"Danger of tomorrow": The Iranian Rouhani poses a veiled threat to US and EU troops in the Middle East

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<pre><pre>"Danger of tomorrow": The Iranian Rouhani poses a veiled threat to US and EU troops in the Middle East

Iranian President Hassan Rouhani looks on at a press conference on February 6, 2018 in Tehran (Iran).

Ali Mohammadi | Bloomberg | Getty Images

DUBAI, United Arab Emirates ⁠ – In an angry speech on state television, Iranian President Hassan Rouhani accused the United States and Europe of being present in the Middle East and failing to comply with the 2015 Iranian nuclear deal.

US troops are "unsafe" in the region today, and EU troops "could be in danger tomorrow," Rouhani said, according to a Reuters translation. It was the first time that the Fiihrer was targeting the European armed forces in the region. He also accused the US of making the region unsafe and said it should "apologize" for "past crimes" in Tehran.

The United States has significantly expanded its presence in the Gulf last year as shipping and oil facilities have come under fire for attacking Iran, which Tehran rejects. The United Kingdom has approximately 400 armed forces in Iraq, spread across Irbil, Baghdad and Taji, all locations attacked by Iraqi Shiite militias supported by the Iranian Quds Force, the Islamic Revolutionary Guard corps's external operations unit.

EU forces are also based in the Gulf Cooperation Council countries, and France and the UK have a small number of special forces in Syria. A number of EU countries have personnel in Operation Inherent Resolve, the anti-IS coalition based in Iraq.

Former Quds Force commander Qasem Soleimani was killed in a U.S. drone strike on January 3, the most dramatic escalation between Washington and Tehran in a series of attacks. Western armed forces and embassies in the region have been on high alert ever since.

Rouhani also used Wednesday's speech to criticize the EU's "failure to deliver on its promises" under the Nuclear Agreement, the multilateral agreement signed in 2015 to restrict Iran's nuclear program while lifting economic sanctions.

"The EU should honor its nuclear deal commitments," Rouhani said, adding that the EU is not acting as an independent bloc and should apologize to Iran for failing to deliver on its promises. The US should return to the deal, he said.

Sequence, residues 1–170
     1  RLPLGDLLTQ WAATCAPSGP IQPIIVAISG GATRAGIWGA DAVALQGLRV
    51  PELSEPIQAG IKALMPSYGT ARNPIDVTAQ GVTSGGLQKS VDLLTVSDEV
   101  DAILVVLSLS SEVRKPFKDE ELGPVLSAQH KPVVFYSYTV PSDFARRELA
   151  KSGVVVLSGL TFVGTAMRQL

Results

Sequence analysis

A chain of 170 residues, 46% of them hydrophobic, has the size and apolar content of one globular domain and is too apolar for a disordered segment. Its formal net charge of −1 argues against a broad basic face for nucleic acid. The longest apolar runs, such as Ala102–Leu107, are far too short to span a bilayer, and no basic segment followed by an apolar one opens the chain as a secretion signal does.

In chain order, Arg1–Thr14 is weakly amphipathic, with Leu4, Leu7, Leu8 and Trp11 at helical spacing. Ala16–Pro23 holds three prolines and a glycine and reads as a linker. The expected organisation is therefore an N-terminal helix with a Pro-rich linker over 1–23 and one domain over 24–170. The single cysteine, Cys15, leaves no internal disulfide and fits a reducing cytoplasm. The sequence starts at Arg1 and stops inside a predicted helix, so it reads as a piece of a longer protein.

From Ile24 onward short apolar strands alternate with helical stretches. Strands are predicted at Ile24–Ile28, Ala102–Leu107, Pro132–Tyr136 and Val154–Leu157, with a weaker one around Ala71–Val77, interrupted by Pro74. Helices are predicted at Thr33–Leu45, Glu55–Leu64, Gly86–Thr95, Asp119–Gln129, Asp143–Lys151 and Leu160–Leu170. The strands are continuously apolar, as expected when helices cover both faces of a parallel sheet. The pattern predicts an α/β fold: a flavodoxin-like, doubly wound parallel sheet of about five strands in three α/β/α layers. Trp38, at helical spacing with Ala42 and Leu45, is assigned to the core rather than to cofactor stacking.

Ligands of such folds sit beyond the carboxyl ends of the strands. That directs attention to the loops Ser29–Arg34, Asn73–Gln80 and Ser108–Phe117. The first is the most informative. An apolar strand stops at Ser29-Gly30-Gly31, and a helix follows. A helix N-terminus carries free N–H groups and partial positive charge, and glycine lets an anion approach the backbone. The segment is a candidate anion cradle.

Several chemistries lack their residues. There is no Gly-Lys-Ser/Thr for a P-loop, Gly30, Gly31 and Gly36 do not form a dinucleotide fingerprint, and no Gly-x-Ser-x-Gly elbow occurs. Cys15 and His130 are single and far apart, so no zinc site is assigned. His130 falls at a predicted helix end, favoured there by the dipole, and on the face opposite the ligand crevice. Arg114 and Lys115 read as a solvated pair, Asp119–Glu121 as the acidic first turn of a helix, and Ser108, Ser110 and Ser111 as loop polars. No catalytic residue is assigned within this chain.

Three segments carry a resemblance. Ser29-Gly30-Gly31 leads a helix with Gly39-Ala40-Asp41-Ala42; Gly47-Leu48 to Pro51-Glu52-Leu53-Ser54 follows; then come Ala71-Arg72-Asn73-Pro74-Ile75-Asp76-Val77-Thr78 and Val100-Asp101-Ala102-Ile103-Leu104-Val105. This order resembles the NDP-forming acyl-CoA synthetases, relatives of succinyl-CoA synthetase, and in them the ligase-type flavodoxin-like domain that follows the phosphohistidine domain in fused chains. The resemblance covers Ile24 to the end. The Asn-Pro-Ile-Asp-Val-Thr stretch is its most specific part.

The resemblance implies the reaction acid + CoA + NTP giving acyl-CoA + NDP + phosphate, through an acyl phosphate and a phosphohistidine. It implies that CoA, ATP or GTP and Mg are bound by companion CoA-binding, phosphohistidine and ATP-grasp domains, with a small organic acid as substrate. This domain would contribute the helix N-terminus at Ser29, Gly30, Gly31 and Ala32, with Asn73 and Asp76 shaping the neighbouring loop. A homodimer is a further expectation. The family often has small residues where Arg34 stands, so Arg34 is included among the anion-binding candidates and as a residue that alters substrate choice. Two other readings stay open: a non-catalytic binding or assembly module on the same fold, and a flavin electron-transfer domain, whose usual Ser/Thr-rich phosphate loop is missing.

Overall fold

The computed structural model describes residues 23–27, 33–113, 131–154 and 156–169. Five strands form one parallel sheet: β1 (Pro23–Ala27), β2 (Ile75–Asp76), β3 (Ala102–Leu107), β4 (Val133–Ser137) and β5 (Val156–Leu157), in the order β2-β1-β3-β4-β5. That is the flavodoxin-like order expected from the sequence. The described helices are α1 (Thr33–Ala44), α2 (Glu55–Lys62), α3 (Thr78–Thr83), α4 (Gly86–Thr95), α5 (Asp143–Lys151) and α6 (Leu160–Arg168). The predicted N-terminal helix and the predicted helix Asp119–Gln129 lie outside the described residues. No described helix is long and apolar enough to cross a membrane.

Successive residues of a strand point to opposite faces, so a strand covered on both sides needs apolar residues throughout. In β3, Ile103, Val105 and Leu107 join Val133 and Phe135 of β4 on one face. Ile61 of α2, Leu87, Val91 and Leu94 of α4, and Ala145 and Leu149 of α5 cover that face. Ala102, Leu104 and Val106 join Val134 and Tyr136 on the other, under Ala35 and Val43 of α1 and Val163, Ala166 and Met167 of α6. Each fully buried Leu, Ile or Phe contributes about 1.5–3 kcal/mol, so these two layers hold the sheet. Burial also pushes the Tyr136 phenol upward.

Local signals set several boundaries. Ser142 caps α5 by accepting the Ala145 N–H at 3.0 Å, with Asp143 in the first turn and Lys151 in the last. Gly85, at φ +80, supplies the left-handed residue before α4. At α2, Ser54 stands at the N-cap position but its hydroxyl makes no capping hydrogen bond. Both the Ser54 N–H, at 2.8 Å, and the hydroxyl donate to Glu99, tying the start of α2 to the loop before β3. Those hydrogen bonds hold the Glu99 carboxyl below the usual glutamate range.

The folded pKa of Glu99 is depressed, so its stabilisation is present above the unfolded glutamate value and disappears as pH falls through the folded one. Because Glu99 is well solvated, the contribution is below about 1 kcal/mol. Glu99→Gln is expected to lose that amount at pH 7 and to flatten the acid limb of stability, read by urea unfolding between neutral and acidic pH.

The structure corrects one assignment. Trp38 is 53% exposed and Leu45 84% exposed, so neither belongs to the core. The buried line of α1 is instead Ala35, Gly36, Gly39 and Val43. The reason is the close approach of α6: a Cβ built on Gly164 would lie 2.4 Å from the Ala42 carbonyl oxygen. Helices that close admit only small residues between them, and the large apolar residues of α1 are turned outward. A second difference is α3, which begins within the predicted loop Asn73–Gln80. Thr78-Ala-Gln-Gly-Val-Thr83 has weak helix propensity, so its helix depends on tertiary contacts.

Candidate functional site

France, the United Kingdom and Germany announced in a joint statement on Tuesday that it would trigger the nuclear deal's dispute mechanism to protest and "discuss" Iran's recent decision to completely cut compliance. Iran dismissed the European measure as ineffective and criticized the countries for failing to compensate for all the trade they had lost due to U.S. sanctions.

The United States left the deal under President Donald Trump in May 2018 and subsequently imposed severe sanctions on Iran that cut oil exports and weakened its economy.

After successive declines in compliance with the agreement's parameters last year in response to the sanctions, Iran announced on January 5 that it would fully suspend compliance and not limit uranium enrichment, storage, or the number of centrifuges more will be kept in operation. However, Tehran claims that it would continue to work with the United Nations nuclear inspectors and that the steps could be reversed if the sanctions were lifted.

Rouhani also mocked Tuesday's Prime Minister Boris Johnson's suggestion that Trump should offer a new nuclear deal, calling it "strange" because "the US President has always broken promises."

Trump has repeatedly offered to negotiate with the Iranians, tightening the screws with more sanctions, as announced on Friday. Iranian Foreign Minister Javad Zarif said Wednesday that his country was "not interested" in negotiating with the Americans, while senior leader Ayatollah Ali Khamenei said last year that Tehran would "never" speak to the United States.